Browning, Montana

Climbing Mount Cleveland, GNP via the Stoney Indian Route

23.2 Miles Total - 6723 ft gain - Out-and-Back Trail

Originally added by Kyle Bitney

Standing at 10,479 feet, Mount Cleveland is the tallest mountain in Glacier National Park.  While not considered a technical peak, it is a fairly difficult climb with great exposure when approaching via the Stoney Indian Route.

The logistics of the approach to Mount Cleveland is the first main obstacle; its location requires one to hike many miles or take a ferry across Waterton Lake which still leaves a long approach.  Getting to the town of Waterton obviously involves crossing the US/Canadian border (multiple times) so if one wants to avoid this they should approach Mt. Cleveland from the Chief Customs trail head.  This description is via Waterton and Goat Haunt Customs.

To add even more difficulty, one has to figure out where to camp (this is a minimum of two-days trip; although I have future plans to attempt it in one day...).  I've been lucky enough to get Stoney Indian campsite each time I've climbed Cleveland; don't count on being so fortunate as it is considered one of if not THE most sought-after campsites.  If you are not familiar with obtaining back country permits in GNP, head over to their site at:  https://www.nps.gov/glac/plany...  Just realize you DO need a backcountry permit. There are both "walk-in" reservations (can be made within 24 hours time frame) and an "advanced reservation" https://home.nps.gov/applicati...).  

If you cannot get Stoney Indian I recommend staying at Kootenai Lake as this is the next closest and easier to snag a site.  Finally, if you have to, grab a reservation at Goat Haunt shelters as these are ALWAYS available.  Just note that this automatically turns it into a 3-day adventure (day 1: get to Goat Haunt via boat; Day 2: climb Cleveland and return to Goat Haunt; Day 3 depart on boat).  As you can see there are many different ways to handle the approach if you cannot get a site at Stoney Indian.

Also, as if not to make things more confusing, before heading out, check the boat schedule that travels from the town of Waterton to Goat Haunt (there is only one operation and they are excellent): http://www.watertoncruise.com/... Even though the 7pm boat lands at Goat Haunt you cannot cross the border that late... trust me, I've made that mistake before (Port of Entry hours are 11am to 5:00 pm daily).  I recommend taking the 1pm boat as to give yourself time, although I've taken the 4pm boat multiple times and still had plenty of time.

In the past I have done two different trips to climb Cleveland; on one route we parked our car at Chief Customs, crossed the border on foot (that was fun..) and caught our pre-arranged shuttle to the town of Waterton.  We only did this as we climbed both Mt. Cleveland and Mt. Merritt in the same trip and made one large loop.  I highly recommend this trip (it's a BIG one... message me if you would like more details).  With that said, the easiest approach for Cleveland is to take the boat across Waterton Lake and pre-book your return boat for the next day (or whenever you know you will be returning).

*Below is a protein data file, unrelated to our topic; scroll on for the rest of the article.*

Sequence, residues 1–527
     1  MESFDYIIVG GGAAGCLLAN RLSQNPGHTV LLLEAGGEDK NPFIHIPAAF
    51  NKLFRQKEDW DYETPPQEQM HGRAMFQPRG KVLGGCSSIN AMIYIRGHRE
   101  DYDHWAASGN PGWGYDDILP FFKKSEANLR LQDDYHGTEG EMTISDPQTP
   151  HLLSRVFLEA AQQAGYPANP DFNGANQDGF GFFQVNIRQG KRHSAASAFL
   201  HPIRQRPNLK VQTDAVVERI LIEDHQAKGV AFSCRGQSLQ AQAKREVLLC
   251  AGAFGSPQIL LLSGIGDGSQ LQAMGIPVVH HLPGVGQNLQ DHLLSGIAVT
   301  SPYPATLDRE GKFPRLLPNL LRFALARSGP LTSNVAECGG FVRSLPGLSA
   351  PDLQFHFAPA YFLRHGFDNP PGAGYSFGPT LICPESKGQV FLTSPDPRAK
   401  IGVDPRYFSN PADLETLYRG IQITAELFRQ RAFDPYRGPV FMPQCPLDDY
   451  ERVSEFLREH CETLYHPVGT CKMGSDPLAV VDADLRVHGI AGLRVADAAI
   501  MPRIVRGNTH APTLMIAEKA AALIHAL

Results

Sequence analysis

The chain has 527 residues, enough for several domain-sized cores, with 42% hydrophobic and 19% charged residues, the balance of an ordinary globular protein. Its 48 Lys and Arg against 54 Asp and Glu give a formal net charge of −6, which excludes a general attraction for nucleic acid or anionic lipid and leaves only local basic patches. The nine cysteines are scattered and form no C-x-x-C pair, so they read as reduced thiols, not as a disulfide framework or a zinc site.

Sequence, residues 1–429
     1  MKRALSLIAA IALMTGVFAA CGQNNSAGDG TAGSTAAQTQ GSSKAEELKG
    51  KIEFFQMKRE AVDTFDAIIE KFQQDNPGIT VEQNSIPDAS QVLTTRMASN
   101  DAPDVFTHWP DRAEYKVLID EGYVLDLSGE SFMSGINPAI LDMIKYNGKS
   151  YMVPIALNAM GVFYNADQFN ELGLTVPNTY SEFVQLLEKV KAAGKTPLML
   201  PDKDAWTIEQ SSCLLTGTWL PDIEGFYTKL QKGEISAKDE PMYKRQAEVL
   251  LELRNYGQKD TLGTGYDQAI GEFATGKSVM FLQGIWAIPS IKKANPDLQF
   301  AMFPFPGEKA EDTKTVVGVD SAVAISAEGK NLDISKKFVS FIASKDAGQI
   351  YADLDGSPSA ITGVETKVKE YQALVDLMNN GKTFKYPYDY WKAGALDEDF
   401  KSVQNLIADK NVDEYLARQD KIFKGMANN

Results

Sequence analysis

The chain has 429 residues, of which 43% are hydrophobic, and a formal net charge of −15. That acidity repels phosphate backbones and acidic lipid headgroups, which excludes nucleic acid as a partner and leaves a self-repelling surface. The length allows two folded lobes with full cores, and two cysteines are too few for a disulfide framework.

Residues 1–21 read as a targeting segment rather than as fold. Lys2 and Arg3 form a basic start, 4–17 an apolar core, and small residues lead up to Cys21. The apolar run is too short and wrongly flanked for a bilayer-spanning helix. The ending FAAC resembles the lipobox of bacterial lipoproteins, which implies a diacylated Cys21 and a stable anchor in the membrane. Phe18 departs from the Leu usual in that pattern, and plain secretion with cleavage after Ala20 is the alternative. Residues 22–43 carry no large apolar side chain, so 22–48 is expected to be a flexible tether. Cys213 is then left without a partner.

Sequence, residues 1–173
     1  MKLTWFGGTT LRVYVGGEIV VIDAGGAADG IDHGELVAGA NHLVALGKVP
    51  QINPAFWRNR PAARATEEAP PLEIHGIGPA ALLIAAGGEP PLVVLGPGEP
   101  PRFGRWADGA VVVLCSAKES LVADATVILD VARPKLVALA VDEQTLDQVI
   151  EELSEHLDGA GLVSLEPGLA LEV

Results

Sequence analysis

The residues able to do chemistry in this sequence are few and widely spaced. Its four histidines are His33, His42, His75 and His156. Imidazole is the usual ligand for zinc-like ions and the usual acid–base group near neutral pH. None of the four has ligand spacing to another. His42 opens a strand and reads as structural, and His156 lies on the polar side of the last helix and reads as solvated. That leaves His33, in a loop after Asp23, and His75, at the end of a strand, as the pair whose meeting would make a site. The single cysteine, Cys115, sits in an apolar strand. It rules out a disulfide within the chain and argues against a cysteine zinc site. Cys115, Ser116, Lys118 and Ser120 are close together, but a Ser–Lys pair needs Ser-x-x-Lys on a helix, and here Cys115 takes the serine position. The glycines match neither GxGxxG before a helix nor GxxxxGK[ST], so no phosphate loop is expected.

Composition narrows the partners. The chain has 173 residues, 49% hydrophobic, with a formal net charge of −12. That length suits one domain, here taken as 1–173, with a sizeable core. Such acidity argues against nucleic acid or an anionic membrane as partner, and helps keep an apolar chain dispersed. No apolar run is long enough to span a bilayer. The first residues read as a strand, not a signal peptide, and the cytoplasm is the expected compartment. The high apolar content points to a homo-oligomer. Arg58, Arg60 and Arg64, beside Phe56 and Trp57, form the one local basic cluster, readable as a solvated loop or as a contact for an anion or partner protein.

I've done this climb in two days but that doesn't give much room for error or bad weather and I was lucky to begin my climb straight out of the Stoney Indian campsite.  If you are worried you cannot make it in two days, or have to camp at a different site, just book the last night at Goat Haunt and catch the first boat out the next day (as I previously mentioned in the 3-day itinerary).

Now, for the description of the climb....

Get yourself to the Stoney Indian Campsite one way or another.  From here, if you look to the northeast of Stoney Indian Lake you will see a fairly prominent notch/saddle.  This is your destination (I have included a picture taken from the notch with the view of Stoney Indian Lake).  I generally climb up one of the many creek beds straight out of the campsite and eventually find a decent place to traverse before making the climb to the notch. Once below the notch, make your ascent up and eventually cross to the north side of the Stoney Indian ridge.  Here, one can view almost the entire traverse that is about to be made.  If you begin traversing north along the ridge keeping the Stoney Indian Peaks above you, you should find a fairly established trail with some cairns. Follow this trail (which has GREAT exposure at times) until reaching the first east-facing open face of scree.  From here you cross the face while climbing to gain the main ridge that eventually takes you to the summit.  There is a lot of route finding but nothing should be greater than class 3 up this first part of the ridge (see the following website by Blake Passmore for a description of the climbing classification:  http://climbglacier.com/climb-... ).  Once you reach the top of that ridge you still have a ways to go, but from here it is a fairly easy scramble.  See the photo of the GPS track for a better idea.  Return route is the same way.

Total trip stats, as per my GPS:  23.2 miles round-trip with 6,723 vertical foot gain.  Broken down: 7.5 miles one-way from Goat Haunt to Stoney Indian campsite with 2,400ft vertical PLUS 8.2 miles round-trip from Stoney Indian campsite to the summit and back to the campsite with 4,323ft vertical.

The views are amazing (although my last trip was in the clouds so it made for an interesting route-finding experience).  Just remember you are a long ways from help and the weather can change extremely fast.

Any questions, please feel free to ask.  Have fun and good luck!!

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Tags

Rock Climbing
Backpacking
Hiking
Forest
Lake
River
Scenic
Waterfall
Wildflowers
Wildlife

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